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Song of the Sea (2014)

Winding through a landscape populated with fairies, giants turned to stone, selkies and painfully grounded humans, Song of the Sea delights in blurring the lines between the commonplace and fantastical. Following studio Cartoon Saloon’s Oscar-nominated d├ębut Secret of Kells, director Tomm Moore’s second film with his team at Cartoon Saloon is an altogether more personal piece. He has returned to the rich history of Celtic folklore, and found it lurking in the cracks of a broken family.

Part folk tale, part family drama, the story is refreshingly simple. Ben (David Rawle) lives with widowed father Conor (Brendan Gleeson) and mute little sister Saoirse in a lighthouse. Ben prefers the simple companionship of his sheepdog Cu to Saoirse, for whom in a complicated ball of emotion, he blames for the loss of their mother. He clings to the vague, magical memories of her songs and stories as comfort from the cold reception from his dad. When curt and stubborn Grandma (Fionnula Flanagan) arrives, she knows there is only one way to fix the family: take the children to Dublin, leaving Conor, and Ben’s beloved Cu behind, to recuperate. The night before their departure, however, Saoirse stumbles across hidden corners in their old lighthouse, where old family secrets lie awaiting discovery

Upon their arrival in Dublin, Ben is immediately determined to return, and taking Saoirse with him, slips into the fantastical, rich history of myths and legends lurking on their path back home. There is something so enchanting about the way that a trio of stone fairies are discovered by the siblings in an overgrown roundabout in the middle of town. This dialogue between the real world and the old world of legend doesn’t just lend itself to wondrous imagery, but also to ideas that hold real weight and are the driving forces in the film.

Moore established the studio’s approach as being proud of its Irish origins, honouring it's folklore and culture, whilst technically taking influence from 50s American animation, Japanese anime and ancient Celtic art. Song of the Sea employs these qualities, and weaves them together in a compelling and original fashion. Using every opportunity to take full advantage of the animated medium, the film delights in telling story through shapes and symbols. Father, always hunched, sometimes over a Guinness in a dingy pub, has his sorrow echoed by a giant rock that lies offshore, curled over in an identical manner as it bears the battering waves. Details like this are typical of the history found in every corner of the frame, such as the fleeting sense of religion, be it as a framed photograph of Christ hanging in Grandma’s house in the background, or an old wishing well laden with trinkets like a shrine to some wiser, older power. This healing power of stories is one that Ben and Saoirse begin to rediscover.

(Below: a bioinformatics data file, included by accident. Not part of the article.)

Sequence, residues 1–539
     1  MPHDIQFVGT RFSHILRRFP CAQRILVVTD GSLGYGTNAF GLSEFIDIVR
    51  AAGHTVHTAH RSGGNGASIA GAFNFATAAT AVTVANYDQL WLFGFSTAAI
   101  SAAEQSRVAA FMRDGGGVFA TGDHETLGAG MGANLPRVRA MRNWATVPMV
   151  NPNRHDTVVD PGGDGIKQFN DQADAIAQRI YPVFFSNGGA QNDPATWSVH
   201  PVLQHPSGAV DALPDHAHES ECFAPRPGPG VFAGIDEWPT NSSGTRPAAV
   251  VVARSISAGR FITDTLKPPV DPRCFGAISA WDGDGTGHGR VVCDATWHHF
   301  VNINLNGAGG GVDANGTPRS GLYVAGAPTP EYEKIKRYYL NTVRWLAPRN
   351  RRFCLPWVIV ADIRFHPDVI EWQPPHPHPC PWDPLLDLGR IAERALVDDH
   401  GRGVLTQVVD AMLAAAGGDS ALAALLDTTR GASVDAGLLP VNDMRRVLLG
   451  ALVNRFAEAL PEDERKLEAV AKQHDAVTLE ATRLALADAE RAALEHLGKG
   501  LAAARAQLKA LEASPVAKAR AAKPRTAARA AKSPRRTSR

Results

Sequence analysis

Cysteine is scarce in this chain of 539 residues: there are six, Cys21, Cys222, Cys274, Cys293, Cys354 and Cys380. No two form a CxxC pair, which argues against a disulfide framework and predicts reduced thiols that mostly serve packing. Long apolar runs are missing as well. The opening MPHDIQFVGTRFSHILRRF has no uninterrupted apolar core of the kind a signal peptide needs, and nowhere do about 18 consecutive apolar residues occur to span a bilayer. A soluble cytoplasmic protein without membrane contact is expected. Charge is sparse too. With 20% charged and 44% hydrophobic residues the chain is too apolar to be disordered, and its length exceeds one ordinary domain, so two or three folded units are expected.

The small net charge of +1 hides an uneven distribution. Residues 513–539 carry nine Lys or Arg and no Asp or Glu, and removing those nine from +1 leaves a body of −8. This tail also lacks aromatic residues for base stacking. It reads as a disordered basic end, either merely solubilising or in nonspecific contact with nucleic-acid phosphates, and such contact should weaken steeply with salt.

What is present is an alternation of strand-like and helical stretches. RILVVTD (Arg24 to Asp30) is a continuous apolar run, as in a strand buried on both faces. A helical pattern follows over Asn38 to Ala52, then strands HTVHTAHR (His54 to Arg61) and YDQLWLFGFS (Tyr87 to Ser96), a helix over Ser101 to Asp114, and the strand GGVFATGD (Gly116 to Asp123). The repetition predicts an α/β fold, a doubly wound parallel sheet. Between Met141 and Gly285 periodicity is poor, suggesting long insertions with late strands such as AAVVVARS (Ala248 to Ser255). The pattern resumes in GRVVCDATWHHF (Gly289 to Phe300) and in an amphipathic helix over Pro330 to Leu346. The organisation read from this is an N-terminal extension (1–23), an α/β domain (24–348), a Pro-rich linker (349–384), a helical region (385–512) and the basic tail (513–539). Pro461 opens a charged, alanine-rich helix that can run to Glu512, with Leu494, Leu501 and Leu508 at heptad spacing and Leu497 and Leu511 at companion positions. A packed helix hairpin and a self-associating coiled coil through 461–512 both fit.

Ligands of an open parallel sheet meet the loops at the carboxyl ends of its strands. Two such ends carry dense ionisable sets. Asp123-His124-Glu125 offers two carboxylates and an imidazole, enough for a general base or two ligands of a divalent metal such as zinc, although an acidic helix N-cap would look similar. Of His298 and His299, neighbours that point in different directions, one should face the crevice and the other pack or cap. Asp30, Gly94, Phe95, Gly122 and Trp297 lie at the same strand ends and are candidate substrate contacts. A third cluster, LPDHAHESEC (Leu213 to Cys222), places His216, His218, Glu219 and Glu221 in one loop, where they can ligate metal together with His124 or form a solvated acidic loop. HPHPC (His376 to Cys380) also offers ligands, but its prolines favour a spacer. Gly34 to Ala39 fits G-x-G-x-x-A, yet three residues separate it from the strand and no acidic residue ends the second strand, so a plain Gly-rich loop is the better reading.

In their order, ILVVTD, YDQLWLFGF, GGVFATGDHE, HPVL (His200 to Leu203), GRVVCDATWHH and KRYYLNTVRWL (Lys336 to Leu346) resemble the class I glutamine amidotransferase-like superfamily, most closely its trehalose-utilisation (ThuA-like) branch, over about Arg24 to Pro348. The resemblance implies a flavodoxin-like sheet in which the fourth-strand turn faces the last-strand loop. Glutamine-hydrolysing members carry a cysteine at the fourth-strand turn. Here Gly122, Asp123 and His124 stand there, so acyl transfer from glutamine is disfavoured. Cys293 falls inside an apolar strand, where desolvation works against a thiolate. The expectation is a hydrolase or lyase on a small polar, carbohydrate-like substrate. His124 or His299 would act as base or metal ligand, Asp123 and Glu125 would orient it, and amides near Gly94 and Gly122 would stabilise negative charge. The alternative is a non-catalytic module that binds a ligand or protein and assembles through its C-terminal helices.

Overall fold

Such resonance weaves throughout the film, and demonstrates a devotion to theme shared with the best of children’s literature. Moore is not in the business of talking down to his audience. As Ben and Saoirse travel deeper into the past, the world grows ever more fantastical, but, crucially, not at the expense of the human story. Ben moves with the steely and passionate inconsistencies of primary-school boy, and Saoirse with the quiet, observant and playful demeanour of a real toddler coming of school-age. Everyone is presented as the flawed, complex creatures humans are in reality. As the background art enchants with wondrous colour and texture, the character animation is commendably reserved, and the excellent work of animators who breathe life into the simple designs do so using behaviour that hints each character being the mere tip of a human iceberg.

The film shines when its fantastical events, in particular the curt and stubborn Owl Witch (voiced also by Fionnula Flanagan), bear uncanny echoes to Ben and Saoirse’s own lives. Her obsession with “eliminating suffering” is an achingly honest mirror of Grandma, who strives, to the point of further damage, to heal. There is a robustness to the deceptive simplicity of Song of the Sea that is reminiscent of early Disney works, or children’s films made by Miyazaki, such as My Neighbour Totoro or Ponyo. These comparisons are ultimately airy, though, as Moore and his team have created a unique world with a distinguished voice. The comparison holds in as much as Moore and his team have clearly crafted this film to last. Indeed, Moore posits himself that hand-drawn animation in itself has a timeless quality that is impervious to age.

How much harm do we do to ourselves and our loved ones in striving to do good for them? What place do allegories or folklore have in a modern life? These are the sorts of thoughts Song of the Sea leaves you to ponder, to say nothing of the technically breathtaking art and animation. There have been few recent children's films with such ambition.

It’s tempting to refer to works such as this as ‘whimsical’, but doing so suggests a degree of care and thoughtfulness that Moore clearly exceeds.

SONG OF THE SEA is released in Cinemas in the UK and Ireland on July 10th via STUDIOCANAL and is out now on Blu-Ray, DVD and Digital in the US.